Word and Thing
–Wind II, oil on masonite, by Jim Shull
The painting, a coastal landscape, is titled
“Wind,” but the word I think, gazing
up at it on the living-room wall,
is anvil—definite shape
of the dune that thrusts
clear across the view.
I’ve never seen an anvil, save
in a living museum, with staff
in period dress—how is it then
that any instance of its distinctive shape
calls up its name, as if a blacksmith
hammered iron across the street?
The thing long gone
from daily life, the word
has stayed and spread,
attaching to whatever shares
the shape of a flattened tusk,
from thunderclouds to a tiny bone
in the middle ear. But worrying the word,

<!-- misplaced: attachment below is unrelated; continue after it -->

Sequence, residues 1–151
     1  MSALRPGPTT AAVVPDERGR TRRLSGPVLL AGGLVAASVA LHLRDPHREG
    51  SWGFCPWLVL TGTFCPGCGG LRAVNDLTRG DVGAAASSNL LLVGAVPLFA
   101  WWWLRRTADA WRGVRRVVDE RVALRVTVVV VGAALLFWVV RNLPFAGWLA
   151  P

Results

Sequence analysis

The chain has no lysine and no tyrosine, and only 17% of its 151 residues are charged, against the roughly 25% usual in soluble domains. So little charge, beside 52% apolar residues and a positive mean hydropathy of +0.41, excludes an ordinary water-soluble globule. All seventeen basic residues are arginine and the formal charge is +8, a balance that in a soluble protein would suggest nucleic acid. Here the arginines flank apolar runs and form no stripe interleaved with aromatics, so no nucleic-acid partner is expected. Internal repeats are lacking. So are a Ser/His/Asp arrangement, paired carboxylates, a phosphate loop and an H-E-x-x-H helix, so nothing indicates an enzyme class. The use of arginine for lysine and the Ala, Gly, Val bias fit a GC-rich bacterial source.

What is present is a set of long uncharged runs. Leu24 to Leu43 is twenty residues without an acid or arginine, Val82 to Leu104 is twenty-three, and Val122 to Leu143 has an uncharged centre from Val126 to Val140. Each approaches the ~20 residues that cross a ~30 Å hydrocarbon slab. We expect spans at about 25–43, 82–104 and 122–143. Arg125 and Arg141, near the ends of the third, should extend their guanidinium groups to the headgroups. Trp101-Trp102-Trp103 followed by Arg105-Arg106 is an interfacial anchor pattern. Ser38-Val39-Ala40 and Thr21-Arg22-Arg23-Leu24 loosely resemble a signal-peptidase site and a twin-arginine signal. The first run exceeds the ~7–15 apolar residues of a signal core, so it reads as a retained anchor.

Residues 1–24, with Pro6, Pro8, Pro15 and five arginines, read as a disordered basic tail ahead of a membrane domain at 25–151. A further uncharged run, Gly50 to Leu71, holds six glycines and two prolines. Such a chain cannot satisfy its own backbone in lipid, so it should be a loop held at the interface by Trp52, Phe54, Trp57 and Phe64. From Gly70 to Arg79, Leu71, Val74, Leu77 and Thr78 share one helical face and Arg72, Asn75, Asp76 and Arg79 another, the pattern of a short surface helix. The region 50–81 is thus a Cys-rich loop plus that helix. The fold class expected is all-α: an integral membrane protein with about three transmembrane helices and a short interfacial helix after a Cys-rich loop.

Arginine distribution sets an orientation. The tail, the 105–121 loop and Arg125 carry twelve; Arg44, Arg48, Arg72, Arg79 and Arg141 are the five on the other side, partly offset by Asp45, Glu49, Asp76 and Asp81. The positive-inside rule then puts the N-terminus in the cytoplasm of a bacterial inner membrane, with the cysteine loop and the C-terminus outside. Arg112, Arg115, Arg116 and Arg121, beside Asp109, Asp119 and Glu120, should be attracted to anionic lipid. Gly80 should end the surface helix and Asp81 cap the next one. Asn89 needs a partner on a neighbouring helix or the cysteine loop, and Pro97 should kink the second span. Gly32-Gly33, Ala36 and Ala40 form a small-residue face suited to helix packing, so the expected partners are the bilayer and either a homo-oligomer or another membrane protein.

I get mere silhouette, this black text
on a white page. I’ve left behind
the painted scene—
the scrubby shore pine,
roots exposed, trunk
warped horizontal by the seawind,
bending its full length down across
the wind-carved body of the dune.
I’ve lost the ocean mist that has coated
all the bristling needles of the pine,
the shadow clinging underneath
the near dune’s jut,
the lion’s-pelt yellow
of sand without shade,
failed to tell how the paint creates
at once a flat design—still dance
of hue and tone—and a world
of dune and pine, palpably round.
Eleanor Berry lives in rural western Oregon. She has two full-length poetry collections, Green November (Traprock Books, 2007) and No Constant Hues (Turnstone Books of Oregon, 2015). A former college teacher of English, she is a past president of the Oregon Poetry Association and of the National Federation of State Poetry Societies.